Son of W. J. Watson, The Hollies, Breaston, Derby, b. 1891.
Lower V—VI. English Verse. School Prefect. Head of House. Shooting VIII 1908-10 (captain). Cadet Officer.
Exhibitioner, Sidney Sussex College, Cambridge; B. A. (Third Class Class, Tripos) 1913.
Assistant Master at Forres Preparatory School, Northwood 1913.
Great War, Captain 6th Batt. E. Lancashire Regt.
M.C., Despatches (2).
'The above details show clearly enough that in his career at School he achieved much, and that he attained a position of great importance. He had the opportunity of exercising considerable influence, and he made good use of it. His influence was always sound.
His intellectual powers were of high quality; in addition to a decided taste for Classical and English Literature he had a special aptitude for music and painting. He thus had a variety of interests which made him an excellent companion, and his closest friends were attracted to him partly by a charm of manner and partly by singleness of aim and sincerity of purpose. He gave help to many who needed help, and in his home circle he was the mainstay of the house.
At Cambridge he won the esteem of tutors and men alike, and one of the former says of him that "he never put himself forward but his influence made itself felt, and was always on the side of things wholesome and straight and manly." Similar testimony is borne to his character by those with whom he worked after he left Cambridge.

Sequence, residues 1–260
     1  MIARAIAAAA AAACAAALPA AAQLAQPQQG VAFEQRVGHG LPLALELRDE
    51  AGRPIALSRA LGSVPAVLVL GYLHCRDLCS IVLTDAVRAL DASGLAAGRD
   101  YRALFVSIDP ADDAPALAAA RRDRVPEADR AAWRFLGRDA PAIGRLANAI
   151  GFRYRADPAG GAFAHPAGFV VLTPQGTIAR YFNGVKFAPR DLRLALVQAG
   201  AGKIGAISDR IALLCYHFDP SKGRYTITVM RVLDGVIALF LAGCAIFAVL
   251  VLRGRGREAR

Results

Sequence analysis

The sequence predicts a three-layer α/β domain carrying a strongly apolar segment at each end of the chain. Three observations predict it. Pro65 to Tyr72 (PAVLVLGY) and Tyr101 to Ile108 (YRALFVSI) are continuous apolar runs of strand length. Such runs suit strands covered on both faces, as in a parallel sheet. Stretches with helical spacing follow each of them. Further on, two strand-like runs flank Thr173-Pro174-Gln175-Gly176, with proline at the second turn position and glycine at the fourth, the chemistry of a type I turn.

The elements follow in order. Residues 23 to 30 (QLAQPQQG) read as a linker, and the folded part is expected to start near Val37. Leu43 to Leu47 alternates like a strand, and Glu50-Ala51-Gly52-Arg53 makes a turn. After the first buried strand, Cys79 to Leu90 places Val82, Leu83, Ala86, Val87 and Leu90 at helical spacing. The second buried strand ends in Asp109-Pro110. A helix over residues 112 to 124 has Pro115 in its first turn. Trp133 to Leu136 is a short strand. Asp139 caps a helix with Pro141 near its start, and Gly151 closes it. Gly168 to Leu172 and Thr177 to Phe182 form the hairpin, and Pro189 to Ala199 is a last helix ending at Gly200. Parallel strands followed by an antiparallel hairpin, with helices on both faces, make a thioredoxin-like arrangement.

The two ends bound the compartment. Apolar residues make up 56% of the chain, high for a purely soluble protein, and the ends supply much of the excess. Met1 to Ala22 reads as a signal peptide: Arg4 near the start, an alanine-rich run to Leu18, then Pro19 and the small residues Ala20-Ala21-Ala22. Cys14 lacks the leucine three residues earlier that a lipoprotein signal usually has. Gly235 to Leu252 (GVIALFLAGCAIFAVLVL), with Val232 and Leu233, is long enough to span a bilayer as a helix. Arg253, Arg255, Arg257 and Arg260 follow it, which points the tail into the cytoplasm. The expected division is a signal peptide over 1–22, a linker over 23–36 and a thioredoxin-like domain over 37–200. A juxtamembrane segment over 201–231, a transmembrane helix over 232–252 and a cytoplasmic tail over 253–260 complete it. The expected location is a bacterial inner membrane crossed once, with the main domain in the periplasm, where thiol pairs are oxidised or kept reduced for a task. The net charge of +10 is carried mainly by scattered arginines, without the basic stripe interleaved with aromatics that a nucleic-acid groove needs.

When war broke out he joined the Cambridge O.T.C. again (he had been a member of that when he was an undergraduate), and was granted a commission in September 1914. In August 1915 he was wounded in Gallipoli, and about the same time he was promoted Captain. When his regiment joined the Kut relief force he and his brother, Lieut. J. H. Watson, in the same regiment, were mentioned in despatches and awarded the Military Cross. When the forces in Mesopotamia advanced on Baghdad the East Lancashire Regiment suffered very severely at the crossing of the Diala River, and Captan T. P. Watson was killed on March 7th.
The Colonel of the Battalion, who was in command last year, says that Captain Watson was one of the finest officers in the regiment, and that the loss which his family had suffered and the sorrow they felt would be shared by his Colonel, his brother officers, and every man in the regiment.
Colonel Davy, who was commanding the regiment at the Diala, writes: "He was beloved by every officer and man who came in contact with him; he devoted the whole of his life since he had been adjutant to the welfare of every officer and man in the regiment. His rare unselfishness, devotion to duty, and his charming character made the handling of men with him an easy thing. His fine brain made all work easy to him, and his devotion to this regiment seemed to make him tireless, and his great spirit overcame physical fatigue."' (Malvernian, Jun 1917).